Here are some thoughts on Yoenis Cespedes, Robert Gsellman, and more with the Mets roughly one month away from Opening Day at Citi Field...
Last week I pointed out that Cespedes looks heavier and thicker, yet also appeared to be moving better.
As I said, he looked to be more agile and with more balance -- no doubt a result of doing pilates and yoga instead of an aggressive strength-training program. In Sunday's game, he hit a three-run home run, after which he lumbered slowly around the bases looking like David Ortiz.
The thing is, I don't care about that. Instead, more important, he ran hard down the line to first during a ground out later in the game. And he did team running drills before the game, which he was often unable to do last season.
According to team insiders, Cespedes may look thicker because he worked to build up his core. Also, don't forget, he's a man in his early 30s, so he's going to start getting a bit heavier and more broad whether he tried to or not.
In this context, the team is not concerned. Instead, they're watching his movement, stability, and whether he is getting winded or not when running, all of which he's been passing with flying colors.
It took 12 months, but it looks like Gsellman finally found his sinker, which he was using last week in workouts and also used to great effect Sunday when he allowed one hit and struck out two in two innings against the Nats.
"He has done a real good job of staying with that delivery and keeping that front side in there and getting the sink that he wants," Mets manager Mickey Callaway said.
According to Gsellman, the added sink may be because he has a better range of motion in his shoulder, which he believes is the result of receiving deep tissue therapy this past winter.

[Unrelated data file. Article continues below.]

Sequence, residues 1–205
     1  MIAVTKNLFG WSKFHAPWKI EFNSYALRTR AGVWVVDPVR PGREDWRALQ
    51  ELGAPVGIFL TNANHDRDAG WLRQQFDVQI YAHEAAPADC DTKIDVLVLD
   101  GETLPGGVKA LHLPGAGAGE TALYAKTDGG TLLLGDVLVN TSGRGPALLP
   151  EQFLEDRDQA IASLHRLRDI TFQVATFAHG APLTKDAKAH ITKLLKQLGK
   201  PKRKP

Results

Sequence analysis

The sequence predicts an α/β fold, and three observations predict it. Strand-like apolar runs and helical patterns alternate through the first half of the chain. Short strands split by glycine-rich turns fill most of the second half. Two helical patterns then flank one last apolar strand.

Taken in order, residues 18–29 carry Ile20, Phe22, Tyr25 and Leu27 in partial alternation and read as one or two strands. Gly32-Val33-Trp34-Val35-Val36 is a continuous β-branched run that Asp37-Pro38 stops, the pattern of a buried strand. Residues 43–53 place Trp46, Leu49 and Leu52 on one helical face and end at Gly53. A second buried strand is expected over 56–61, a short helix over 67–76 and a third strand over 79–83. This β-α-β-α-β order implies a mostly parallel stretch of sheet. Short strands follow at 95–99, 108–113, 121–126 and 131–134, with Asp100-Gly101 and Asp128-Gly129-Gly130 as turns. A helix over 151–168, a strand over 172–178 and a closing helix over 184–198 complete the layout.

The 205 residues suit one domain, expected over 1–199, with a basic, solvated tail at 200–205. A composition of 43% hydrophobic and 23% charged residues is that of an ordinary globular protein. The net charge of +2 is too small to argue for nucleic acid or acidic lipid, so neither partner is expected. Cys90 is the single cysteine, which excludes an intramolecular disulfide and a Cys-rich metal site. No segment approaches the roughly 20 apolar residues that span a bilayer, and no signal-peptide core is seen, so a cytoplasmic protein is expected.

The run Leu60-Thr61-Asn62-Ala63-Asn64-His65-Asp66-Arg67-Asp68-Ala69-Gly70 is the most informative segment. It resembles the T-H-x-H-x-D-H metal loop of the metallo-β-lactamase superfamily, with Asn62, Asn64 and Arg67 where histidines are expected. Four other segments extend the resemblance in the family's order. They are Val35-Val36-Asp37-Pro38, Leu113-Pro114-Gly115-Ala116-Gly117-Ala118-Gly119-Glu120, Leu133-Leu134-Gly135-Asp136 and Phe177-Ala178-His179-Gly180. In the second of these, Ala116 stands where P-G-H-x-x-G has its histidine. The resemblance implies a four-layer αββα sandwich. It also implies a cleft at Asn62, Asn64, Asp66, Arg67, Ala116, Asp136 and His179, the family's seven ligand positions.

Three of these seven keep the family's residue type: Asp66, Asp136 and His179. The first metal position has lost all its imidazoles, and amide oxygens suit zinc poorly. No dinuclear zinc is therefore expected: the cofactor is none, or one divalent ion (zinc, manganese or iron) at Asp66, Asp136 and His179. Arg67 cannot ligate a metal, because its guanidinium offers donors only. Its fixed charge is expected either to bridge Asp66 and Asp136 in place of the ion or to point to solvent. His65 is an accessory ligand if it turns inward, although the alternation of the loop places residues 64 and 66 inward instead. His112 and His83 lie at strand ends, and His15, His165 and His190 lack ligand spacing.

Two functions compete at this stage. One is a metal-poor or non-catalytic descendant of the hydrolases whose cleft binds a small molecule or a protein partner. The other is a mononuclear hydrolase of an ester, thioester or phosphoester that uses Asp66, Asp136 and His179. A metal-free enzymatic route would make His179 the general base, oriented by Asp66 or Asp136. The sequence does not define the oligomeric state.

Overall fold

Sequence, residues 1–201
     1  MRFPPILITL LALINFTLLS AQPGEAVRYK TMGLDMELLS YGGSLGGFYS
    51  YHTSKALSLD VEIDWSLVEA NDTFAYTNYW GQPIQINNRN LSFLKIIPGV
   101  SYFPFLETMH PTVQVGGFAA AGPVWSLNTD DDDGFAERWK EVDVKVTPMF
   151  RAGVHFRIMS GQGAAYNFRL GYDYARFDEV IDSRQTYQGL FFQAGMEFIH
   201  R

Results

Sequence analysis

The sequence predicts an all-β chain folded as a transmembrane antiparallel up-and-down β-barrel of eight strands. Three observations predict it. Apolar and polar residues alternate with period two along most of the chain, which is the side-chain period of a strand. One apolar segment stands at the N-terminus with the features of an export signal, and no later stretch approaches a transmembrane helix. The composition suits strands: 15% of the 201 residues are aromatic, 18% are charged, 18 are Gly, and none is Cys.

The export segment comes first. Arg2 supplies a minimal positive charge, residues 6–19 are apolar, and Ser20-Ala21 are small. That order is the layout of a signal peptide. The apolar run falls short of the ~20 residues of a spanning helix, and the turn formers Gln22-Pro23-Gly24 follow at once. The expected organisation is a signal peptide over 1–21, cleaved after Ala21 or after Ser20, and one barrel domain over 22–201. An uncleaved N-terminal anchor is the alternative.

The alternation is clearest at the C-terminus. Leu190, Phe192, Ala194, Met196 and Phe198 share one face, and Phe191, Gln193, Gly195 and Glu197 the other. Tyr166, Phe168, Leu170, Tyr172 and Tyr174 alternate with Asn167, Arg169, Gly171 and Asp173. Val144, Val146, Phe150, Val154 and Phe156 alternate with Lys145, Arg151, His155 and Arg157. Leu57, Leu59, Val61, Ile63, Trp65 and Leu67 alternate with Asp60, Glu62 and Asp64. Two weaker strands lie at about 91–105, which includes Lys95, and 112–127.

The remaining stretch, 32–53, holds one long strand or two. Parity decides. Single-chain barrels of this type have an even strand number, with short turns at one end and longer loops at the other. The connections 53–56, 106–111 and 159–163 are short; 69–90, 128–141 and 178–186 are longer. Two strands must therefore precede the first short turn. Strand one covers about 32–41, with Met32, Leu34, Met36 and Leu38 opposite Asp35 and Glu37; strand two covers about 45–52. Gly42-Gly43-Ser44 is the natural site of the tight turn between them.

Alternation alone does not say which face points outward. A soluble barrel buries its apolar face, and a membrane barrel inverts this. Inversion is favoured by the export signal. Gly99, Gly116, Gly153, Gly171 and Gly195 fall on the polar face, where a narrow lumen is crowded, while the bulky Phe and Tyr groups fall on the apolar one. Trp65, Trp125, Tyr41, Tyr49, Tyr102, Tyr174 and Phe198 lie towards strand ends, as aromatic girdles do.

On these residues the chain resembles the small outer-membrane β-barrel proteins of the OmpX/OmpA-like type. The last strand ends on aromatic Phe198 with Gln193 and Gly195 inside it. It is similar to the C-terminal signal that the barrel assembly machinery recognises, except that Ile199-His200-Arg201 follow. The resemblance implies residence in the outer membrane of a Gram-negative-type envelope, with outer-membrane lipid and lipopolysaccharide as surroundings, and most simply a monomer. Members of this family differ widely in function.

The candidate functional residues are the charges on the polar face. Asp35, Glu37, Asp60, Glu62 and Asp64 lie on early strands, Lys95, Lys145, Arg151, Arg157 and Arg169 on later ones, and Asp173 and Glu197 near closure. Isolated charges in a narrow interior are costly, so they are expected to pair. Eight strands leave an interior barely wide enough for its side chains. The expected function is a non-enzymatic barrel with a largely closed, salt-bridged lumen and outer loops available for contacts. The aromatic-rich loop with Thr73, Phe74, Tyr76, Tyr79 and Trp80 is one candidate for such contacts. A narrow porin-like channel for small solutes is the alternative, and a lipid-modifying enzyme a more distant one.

Robert Gsellman threw two scoreless innings on Sunday in his first Grapefruit League start. (Jasen Vinlove | USA TODAY Sports)
Gsellman struggled in 2017. However, he's still just 24 years old and only a year removed from being a trade target of several teams after going 4-2 with a 2.42 ERA and 1.27 WHIP in 44.2 innings in 2016.
I refuse to be duped by Rafael Montero, who pitched a scoreless eighth and ninth inning Sunday. I want him to be awesome, but I'm done expecting anything from him. It's just easier and less stressful that way.
Adrian Gonzalez continues to look really, really good at first base. In Sunday's game, he picked a low throw out of the dirt. He later lunged upward (with his notoriously bad back) to snag a high throw to his right. I still have zero faith he can hit. It's also possible he has yet to break a sweat this spring. In either case, he can still pick it and will upgrade the team's infield defense no matter what he does with the bat.
This is a crucial time for Dominic Smith, who was disciplined for being late for a team meeting on Friday. During the game on Saturday, it was announced he experienced tightness in his leg after running hard around the bases. He'll undergo an MRI later today. Gonzalez was likely to start Opening Day with Smith in Triple A regardless of Smith's legs or ability to set an alarm clock. However, with 1B prospect Peter Alonso turning heads, Smith can't afford to miss time (be it due to tightness, slumps, or tardiness).
In addition to Smith, the Mets are monitoring injuries to Juan Lagares (hamstring) and Jay Bruce (plantar fasciitis), while nursing back Michael Conforto (shoulder surgery). It's understandable that fans and media would panic here, especially after last season's injuries. I did. But, this is typical for spring training, especially during the first week of games.
It happens every year to every team. In most instances, these are just little aches and pains that would get played through and never reported during the season. However, in spring training, why push it? It's better to rest, keep it contained and get back at it healthy... I hope.
Matthew Cerrone (Facebook | Twitter | Instagram | Contact) is lead writer of MetsBlog.com, which he created in 2003. He also hosts the MetsBlog Podcast, which you can subscribe to here. His new book, The New York Mets Fans' Bucket List, details 44 things every Mets fan should experience during their lifetime. To check it out, click here!